_{1 }is a harmonic voltage at the connection point when the variable harmonic absorber is changing the harmonic energy present in the power distribution system; _{0 }is a harmonic current between the connection point and harmonic pollution source simultaneous with V_{0}; and _{1 }is a harmonic current between the connection point and harmonic pollution source simultaneous with V_{1}; whereby I is a current produced by a harmonic current source within the harmonic pollution source.
26. The apparatus of claim
25 further comprising a calculational means for calculating phase from an equation substantially equivalent to: wherein I is the current produced by the harmonic current source within the harmonic pollution source.
27. The apparatus of claim
18 further comprising a calculational means for calculating V from an equation substantially equivalent to: wherein:
_{0 }is a harmonic voltage at the connection point when the variable harmonic absorber is not changing the harmonic energy present in the power distribution system; V
_{1 }is a harmonic voltage at the connection point when the variable harmonic absorber is changing the harmonic energy present in the power distribution system; _{0 }is a harmonic current between the connection point and harmonic pollution source simultaneous with V_{0}; and _{1 }is a harmonic current between the connection point and harmonic pollution source simultaneous with V_{1}; whereby V is a voltage produced by a harmonic voltage source within the harmonic pollution source.
28. The apparatus of claim
27 further comprising a calculational means for calculating phase from an equation substantially equivalent to: wherein V is the voltage produced by the harmonic voltage source within the harmonic pollution source.
29. A method for measuring a characteristic of a harmonic pollution source of interest within a power distribution system, wherein the harmonic pollution source is connected to a power line at a connection point, the method comprising the steps of:
a) measuring a harmonic voltage at the connection point;
b) measuring a harmonic current between the connection point and the harmonic pollution source simultaneous with step (a);
c) injecting harmonic energy into the power distribution system;
d) measuring a harmonic voltage at the connection point simultaneous with step (c);
e) measuring a harmonic current between the connection point and the harmonic pollution source simultaneous with step (d).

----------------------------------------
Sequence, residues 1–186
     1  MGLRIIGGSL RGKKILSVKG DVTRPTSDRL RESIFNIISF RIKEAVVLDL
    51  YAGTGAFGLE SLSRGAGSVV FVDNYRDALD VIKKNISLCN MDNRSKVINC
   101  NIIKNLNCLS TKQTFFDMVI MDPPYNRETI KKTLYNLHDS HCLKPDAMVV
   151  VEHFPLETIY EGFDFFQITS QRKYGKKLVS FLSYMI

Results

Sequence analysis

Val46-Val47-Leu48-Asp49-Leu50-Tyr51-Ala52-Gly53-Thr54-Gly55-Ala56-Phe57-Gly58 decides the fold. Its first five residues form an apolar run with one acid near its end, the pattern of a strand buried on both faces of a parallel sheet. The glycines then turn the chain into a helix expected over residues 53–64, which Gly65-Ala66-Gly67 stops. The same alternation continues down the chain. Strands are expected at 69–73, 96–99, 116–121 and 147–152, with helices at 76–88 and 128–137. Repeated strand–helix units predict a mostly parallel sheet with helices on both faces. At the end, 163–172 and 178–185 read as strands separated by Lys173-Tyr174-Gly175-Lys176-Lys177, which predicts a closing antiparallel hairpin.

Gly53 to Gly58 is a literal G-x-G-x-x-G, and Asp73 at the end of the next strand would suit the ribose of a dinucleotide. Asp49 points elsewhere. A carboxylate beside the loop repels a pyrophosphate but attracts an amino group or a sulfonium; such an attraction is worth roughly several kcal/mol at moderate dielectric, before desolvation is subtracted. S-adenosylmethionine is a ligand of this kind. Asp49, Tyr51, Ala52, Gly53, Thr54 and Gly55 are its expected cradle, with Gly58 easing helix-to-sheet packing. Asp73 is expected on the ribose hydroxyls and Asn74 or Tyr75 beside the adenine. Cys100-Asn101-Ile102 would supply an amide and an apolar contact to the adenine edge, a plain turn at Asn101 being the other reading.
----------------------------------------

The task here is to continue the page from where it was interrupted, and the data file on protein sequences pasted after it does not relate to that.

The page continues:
30. The method of claim
29 further comprising the step of storing the harmonic voltage measurement produced in step (a).31. The method of claim
29 further comprising the step of storing the harmonic current measurement produced in step (b).32. The method of claim
29 further comprising the step of calculating I from an equation substantially equivalent to: wherein:
V
_{0 }is a harmonic voltage measured in step (a); V
_{1 }is a harmonic voltage measured in step (d); I
_{0 }is a harmonic voltage measured in step (b); and I
_{1 }is a harmonic current measured in step (c); whereby I is a current produced by a harmonic current source within the harmonic pollution source.
33. The method of claim
32 further comprising the step of calculating phase from an equation substantially equivalent to: wherein I is the current produced by the harmonic current source within the harmonic pollution source.
34. The method of claim
29 further comprising the step of calculating Z from an equation substantially equivalent to: wherein:
V
_{0 }is a harmonic voltage measured in step (a); V
_{1 }is a harmonic voltage measured in step (d); I
_{0 }is a harmonic current measured in step (b); and I
_{1 }is a harmonic current measured in step (c); whereby Z is a impedance in parallel with a harmonic current source within the harmonic pollution source.
35. The method of claim
29 wherein the power line is a multiple-phase power line, the method further comprising the step of switching a harmonic voltage and a harmonic current measurement means between the electrical conductors if the multiple-phase power line.36. The method of claim
29 further comprising the step of calculating Z_{v }from an equation substantially equivalent to: wherein:
V
_{0 }is a harmonic voltage measured in step (a); V
_{1 }is a harmonic voltage measured in step (d); I
_{0 }is a harmonic voltage measured in step (b); and I
_{1 }is a harmonic voltage measured in step (c); whereby Z
_{v }is a V-impedance in series with a harmonic voltage source within the harmonic pollution source. 37. The method of claim
29 further comprising the step of calculating V from an equation substantially equivalent to: wherein:
V
_{0 }is a harmonic voltage measured in step (a); V
_{1 }is a harmonic voltage measured in step (d); I
_{0 }is a harmonic current measured in step (b); and I
_{1 }is a harmonic current measured in step (c); whereby V is an voltage produced by the harmonic voltage source within the harmonic pollution source.
38. The method of claim
37 further comprising the step of calculating phase from an equation substantially equivalent to: wherein V is the voltage produced by the harmonic voltage source within the harmonic pollution source.